Forgive me, please, if this column is slightly more self-indulgent than usual.
But, having attended the Gallagher Premiership rugby final last weekend, it brought home to me – as if I needed reminding – the importance of sport. Which, of course, is the reason Sportside exists in the first place.
First, a bit of background. Last Saturday’s final was a match-up between Exeter Chiefs and Harlequins. Exeter were clear favourites, the 2020 Premiership and European champions whose bruising brilliance has seen them sit at the top of the tree in English rugby over the past five years.
Harlequins, therefore, were clear underdogs. A team that were sitting one place off the bottom of the league at the end of last year, sacked their coach in December with the club and team in disarray and lacking direction. Going into 2021, supporters would have accepted a mid-table finish with a promise to do better next season.
But the players had other ideas.
In the absence of a manager (or director of rugby as they are known) but still with a world-class team of coaches in place, a senior group of players set about devising a way forward, a way to get the club back on its feet and competitive again.
The key ethos behind the ensuing revival appeared to be a simple one: play the game with a smile on your face. As the clubs started winning league matches playing fast, attractive rugby, the message from players and coaches alike in all the post-match interviews was the same: we’ve learned how to enjoy our rugby again.
As a supporter – and former employee at the club – it was a joy to watch. But still, we thought, a top 4 finish and qualification for the end of season play-offs was beyond them.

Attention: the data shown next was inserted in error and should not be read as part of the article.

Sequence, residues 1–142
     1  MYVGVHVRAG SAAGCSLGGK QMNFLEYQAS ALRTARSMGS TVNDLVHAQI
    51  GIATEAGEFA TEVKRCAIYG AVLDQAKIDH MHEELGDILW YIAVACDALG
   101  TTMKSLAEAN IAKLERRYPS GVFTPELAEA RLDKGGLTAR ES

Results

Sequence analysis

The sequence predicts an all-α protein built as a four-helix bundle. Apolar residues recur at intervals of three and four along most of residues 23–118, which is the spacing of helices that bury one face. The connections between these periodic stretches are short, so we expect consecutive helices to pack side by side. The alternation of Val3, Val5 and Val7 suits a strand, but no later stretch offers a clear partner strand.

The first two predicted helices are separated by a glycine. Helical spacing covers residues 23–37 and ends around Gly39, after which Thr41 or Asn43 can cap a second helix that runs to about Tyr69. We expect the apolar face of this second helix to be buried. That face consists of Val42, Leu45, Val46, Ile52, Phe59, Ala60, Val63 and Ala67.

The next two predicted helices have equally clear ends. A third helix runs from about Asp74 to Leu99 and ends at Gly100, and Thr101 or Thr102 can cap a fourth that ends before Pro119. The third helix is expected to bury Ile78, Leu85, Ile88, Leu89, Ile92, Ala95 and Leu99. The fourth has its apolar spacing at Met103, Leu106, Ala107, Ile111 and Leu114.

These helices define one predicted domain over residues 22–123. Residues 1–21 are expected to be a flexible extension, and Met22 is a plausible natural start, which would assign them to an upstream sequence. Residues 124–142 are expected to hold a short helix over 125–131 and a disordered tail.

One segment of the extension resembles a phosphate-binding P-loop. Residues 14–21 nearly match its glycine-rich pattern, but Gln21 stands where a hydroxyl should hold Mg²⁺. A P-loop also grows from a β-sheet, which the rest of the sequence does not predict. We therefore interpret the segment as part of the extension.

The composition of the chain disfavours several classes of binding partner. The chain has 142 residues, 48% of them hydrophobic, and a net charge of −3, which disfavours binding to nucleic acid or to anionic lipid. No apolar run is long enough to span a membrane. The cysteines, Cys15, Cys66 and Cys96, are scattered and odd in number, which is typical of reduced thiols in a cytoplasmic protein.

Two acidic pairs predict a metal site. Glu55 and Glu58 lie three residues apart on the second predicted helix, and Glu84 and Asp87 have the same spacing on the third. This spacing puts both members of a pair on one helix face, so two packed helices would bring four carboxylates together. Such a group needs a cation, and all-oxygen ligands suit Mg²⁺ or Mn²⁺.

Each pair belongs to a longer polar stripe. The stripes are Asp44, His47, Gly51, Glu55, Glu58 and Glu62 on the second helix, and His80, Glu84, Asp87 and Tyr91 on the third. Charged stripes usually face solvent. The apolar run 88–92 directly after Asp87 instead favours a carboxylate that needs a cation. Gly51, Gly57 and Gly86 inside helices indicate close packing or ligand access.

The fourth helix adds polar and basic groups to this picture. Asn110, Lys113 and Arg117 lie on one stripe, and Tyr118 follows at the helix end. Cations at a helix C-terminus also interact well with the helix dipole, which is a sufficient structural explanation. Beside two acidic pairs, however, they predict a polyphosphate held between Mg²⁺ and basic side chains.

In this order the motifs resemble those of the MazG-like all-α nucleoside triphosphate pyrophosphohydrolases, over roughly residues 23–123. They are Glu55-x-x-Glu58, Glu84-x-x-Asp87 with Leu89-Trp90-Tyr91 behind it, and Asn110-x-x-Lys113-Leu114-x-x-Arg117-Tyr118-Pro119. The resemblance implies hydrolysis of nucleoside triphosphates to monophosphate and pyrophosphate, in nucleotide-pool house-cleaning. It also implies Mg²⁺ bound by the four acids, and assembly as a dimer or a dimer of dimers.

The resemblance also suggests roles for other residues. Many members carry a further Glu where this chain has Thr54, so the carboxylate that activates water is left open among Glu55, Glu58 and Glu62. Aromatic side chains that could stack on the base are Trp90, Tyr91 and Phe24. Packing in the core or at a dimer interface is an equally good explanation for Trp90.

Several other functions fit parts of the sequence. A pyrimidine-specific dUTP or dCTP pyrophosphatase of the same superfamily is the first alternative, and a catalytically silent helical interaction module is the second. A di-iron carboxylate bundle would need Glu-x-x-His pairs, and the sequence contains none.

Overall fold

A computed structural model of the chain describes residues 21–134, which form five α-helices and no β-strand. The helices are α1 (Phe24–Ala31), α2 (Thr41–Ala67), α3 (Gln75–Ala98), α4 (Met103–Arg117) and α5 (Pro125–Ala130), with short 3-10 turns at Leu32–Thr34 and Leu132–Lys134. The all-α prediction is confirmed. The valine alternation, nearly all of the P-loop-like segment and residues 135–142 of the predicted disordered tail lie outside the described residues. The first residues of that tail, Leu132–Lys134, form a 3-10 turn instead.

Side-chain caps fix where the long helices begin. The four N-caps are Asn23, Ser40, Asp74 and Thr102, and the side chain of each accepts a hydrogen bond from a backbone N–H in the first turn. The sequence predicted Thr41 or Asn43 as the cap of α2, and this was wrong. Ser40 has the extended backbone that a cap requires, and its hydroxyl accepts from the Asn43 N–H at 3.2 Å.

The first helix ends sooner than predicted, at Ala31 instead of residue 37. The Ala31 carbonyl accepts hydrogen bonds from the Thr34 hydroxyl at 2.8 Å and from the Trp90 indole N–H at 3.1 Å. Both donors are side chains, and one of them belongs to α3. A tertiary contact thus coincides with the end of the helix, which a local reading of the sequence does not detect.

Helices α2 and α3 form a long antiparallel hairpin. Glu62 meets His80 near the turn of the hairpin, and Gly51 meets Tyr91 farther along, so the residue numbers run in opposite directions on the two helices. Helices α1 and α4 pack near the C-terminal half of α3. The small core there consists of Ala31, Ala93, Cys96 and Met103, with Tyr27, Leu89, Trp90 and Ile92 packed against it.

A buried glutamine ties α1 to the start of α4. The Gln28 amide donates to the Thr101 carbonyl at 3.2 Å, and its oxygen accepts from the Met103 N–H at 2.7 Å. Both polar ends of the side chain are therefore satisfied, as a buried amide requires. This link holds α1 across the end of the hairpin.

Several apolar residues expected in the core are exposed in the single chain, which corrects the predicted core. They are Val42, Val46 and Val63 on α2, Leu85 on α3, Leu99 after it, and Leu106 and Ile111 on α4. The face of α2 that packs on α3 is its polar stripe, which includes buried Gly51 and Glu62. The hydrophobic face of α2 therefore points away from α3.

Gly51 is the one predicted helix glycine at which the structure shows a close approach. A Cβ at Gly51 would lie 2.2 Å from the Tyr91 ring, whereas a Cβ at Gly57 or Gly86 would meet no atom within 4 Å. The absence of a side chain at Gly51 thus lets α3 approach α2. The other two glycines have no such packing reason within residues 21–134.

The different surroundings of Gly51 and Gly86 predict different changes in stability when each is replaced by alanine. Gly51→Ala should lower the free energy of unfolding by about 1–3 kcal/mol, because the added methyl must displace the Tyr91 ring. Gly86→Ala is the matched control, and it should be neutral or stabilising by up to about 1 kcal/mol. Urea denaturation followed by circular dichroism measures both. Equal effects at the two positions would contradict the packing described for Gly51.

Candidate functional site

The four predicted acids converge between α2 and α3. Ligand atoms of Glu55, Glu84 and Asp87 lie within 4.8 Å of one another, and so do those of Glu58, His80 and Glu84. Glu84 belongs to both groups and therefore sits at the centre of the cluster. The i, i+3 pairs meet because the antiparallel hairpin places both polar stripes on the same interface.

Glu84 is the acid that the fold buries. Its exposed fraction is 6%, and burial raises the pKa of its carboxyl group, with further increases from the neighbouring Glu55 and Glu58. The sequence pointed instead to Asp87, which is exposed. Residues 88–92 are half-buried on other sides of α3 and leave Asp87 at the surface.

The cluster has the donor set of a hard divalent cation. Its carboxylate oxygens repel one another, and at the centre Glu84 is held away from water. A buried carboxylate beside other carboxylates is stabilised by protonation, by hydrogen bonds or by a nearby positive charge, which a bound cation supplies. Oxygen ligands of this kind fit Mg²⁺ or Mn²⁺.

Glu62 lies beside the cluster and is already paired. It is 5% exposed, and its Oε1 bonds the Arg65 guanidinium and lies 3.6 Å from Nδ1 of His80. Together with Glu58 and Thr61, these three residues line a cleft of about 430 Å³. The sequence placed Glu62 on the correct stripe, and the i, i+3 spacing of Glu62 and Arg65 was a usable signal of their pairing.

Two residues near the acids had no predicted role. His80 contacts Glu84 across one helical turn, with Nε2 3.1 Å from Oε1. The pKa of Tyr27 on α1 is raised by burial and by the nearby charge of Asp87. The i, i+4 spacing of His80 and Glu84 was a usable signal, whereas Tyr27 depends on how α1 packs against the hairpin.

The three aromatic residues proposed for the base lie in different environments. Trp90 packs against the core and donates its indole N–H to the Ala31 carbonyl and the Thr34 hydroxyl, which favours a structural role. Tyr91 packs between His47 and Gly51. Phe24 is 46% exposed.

But the revival continued, Quins playing fast and loose rugby, with moments of brilliance interspersed with some fairly chaotic defending it has to be said. The try count in matches went through the roof but the stay-at-home fans (we were still in full lockdown) were starting to believe again – and let their voices be heard on social media.
Sure enough, a strong finish to the season saw them finish fourth in the league and, incredibly, a place in the play-offs was achieved. Next up was an away day in Bristol in the semis, the team that finished top of the league and frankly in unstoppable form. Quins went into the game as serious underdogs again.
With just over 20 minutes gone in the match, the game seemed to be up too – the dream appeared to be over. Bristol had raced into a deserved 28-0 lead and were running a brave Quins team ragged.
Cue miracle number one.
A try just before half-time gave them something to cling onto and out they came for the second half revitalised and willing to give everything for the cause – even if it was a lost one. And playing their trademark game, full of adventure, passion and daring, they were suddenly back in it – levelling the scores at 31-31 at full-time. A frantic extra-time followed, from which Quins emerged triumphant and in the final. It was surely one of the greatest game’s in the club’s history, and not to be repeated. Certainly not against the mighty Exeter a week later at Twickenham.